The idea of learn, extend, create is a major part of triplo. It is used to organise the three types of lessons we teach and is a central idea in our approach to teaching English. But where does it come from, what does it mean and why do we use it? Learn, extend, create, is connected to ideas about designing an effective language course as well as the cognitive process that we use to acquire knowledge. Here we will explain the origins of learn, extend, create and tell you why we think it is important.
Knowing when to use a, an and the, is one of the hardest things for Japanese learners, partly because there isn’t an equivalent in Japanese. It came up again in a lesson and so we thought we give you a quick explanation.
An app for this and an app for that. There is a smartphone or web-app for almost everything these days, and they are extremely popular and, in most cases, useful. Of course as learners of English, or any other language, we are looking for ways to make our learning easier and more effective, and there are many popular apps for learning languages. However, the question remains, can you actually learn English through an app? The answer is yes and no. Here’s why.
To keep you motivated when learning English it can be helpful to set goals. This gives you something to focus on and aim for, but how can you set goals? It’s not always easy so we thought it would be helpful to give you a system for setting goals. You can use it with anything, not just learning English.
One thing that most learners are concerned about, and that we’ve talked about before, is improving. But, how long does it take to get better at English? It is a difficult question to answer, but there are some guidelines we can give, so that you have an idea of how much you need to work to jump up a level.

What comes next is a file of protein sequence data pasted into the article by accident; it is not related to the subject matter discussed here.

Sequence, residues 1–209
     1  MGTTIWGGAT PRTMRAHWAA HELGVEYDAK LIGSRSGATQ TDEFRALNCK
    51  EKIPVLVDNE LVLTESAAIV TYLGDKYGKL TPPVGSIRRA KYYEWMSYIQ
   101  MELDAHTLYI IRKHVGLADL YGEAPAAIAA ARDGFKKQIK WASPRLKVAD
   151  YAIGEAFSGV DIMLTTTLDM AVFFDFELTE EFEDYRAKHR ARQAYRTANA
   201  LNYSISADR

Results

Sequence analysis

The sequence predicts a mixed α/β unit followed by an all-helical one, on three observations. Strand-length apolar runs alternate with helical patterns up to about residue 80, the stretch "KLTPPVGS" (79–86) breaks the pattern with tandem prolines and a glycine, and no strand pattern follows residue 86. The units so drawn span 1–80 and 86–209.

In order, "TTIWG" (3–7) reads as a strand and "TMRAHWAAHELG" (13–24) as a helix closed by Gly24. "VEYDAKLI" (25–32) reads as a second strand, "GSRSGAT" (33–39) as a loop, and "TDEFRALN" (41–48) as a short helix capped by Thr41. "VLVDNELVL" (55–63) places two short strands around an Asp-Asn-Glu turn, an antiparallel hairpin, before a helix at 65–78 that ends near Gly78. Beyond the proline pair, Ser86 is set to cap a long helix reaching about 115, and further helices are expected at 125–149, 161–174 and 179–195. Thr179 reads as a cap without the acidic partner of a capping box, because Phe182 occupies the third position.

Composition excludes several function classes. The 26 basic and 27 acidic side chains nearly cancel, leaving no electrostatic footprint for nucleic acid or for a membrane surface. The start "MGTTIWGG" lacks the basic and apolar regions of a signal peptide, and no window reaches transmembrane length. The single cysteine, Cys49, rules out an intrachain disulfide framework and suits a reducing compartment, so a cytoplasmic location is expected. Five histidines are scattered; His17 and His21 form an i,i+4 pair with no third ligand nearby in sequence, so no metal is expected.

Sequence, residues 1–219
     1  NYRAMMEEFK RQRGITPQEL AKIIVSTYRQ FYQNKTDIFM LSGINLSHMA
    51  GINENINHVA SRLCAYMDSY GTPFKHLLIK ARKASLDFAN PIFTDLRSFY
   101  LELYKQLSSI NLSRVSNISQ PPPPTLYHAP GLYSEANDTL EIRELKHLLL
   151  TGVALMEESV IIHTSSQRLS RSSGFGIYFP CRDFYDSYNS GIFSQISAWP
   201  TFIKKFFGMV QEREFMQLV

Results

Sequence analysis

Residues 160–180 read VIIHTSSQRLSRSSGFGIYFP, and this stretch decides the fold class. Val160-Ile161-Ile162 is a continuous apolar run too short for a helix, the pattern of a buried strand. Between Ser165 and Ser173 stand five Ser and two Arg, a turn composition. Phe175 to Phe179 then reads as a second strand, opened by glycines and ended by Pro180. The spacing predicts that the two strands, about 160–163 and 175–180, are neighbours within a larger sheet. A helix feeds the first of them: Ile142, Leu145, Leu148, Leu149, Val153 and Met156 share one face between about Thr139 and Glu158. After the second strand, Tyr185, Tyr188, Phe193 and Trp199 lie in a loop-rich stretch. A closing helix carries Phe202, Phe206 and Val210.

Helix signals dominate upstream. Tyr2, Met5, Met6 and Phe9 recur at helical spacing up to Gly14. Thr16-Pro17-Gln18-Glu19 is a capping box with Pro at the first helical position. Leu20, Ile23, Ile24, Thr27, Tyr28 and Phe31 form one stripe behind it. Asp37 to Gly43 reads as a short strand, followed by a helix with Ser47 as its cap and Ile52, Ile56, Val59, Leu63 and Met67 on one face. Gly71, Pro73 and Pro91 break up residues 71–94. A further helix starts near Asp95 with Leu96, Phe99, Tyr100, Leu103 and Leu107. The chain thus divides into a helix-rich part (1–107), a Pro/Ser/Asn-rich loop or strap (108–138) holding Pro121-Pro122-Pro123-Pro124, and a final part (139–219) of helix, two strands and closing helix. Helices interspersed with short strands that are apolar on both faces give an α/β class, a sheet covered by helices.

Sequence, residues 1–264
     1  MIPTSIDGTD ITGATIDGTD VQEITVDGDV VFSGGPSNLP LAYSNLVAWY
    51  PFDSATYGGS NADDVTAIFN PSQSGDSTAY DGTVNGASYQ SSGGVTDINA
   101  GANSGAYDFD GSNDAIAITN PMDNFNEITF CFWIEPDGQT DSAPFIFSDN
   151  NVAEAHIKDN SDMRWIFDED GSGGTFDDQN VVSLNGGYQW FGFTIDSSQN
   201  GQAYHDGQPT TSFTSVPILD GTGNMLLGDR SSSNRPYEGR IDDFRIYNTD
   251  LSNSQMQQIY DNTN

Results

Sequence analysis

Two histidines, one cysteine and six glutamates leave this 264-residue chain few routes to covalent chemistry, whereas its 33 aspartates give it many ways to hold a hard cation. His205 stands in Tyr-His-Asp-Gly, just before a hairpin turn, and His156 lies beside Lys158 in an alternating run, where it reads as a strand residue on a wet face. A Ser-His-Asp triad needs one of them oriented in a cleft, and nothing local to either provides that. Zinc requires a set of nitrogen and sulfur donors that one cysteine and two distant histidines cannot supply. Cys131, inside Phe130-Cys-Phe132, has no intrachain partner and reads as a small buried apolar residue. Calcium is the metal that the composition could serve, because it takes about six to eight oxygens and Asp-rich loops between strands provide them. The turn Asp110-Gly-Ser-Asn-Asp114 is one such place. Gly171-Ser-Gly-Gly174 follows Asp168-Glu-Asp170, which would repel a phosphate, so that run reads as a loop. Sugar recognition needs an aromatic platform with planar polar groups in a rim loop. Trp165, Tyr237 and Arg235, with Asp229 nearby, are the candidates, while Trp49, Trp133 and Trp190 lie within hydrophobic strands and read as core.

What’s the best way to study? In general or, specifically, for a test? Over the years there has been a lot of interest and research into how people learn and remember things from. Here are some tips we have for better studying.
There are many good reasons to learn English, one of them is because it has become a global language, the lingua franca. What makes English work as a global language is not just the questionable influence of the British Empire - which has a lot to answer for - but its flexibility, something that has developed due to it’s history.
Japanese learners of English have particular difficulty with pronouncing /L/ and /R/. As this is a particular problem for Japanese English learners we though we’d give you some advice on how to improve your /L/ and /R/ sounds so they sound different.
今週の #WOTW は 'whatever’ です。’Whatever’ is a pronoun (we haven’t had many of those), an adverb, and an exclamation. We also use it in one phrase. Today’s is not a very long installment, so it’ll be over before you know it.
今週の #WOTW は 'chance’ です。’Chance’ is one of those English words that can be different parts of the speech: it’s noun, an adjective, and a verb. It’s very common to use it in set expressions and phrases of which we will give you some examples below.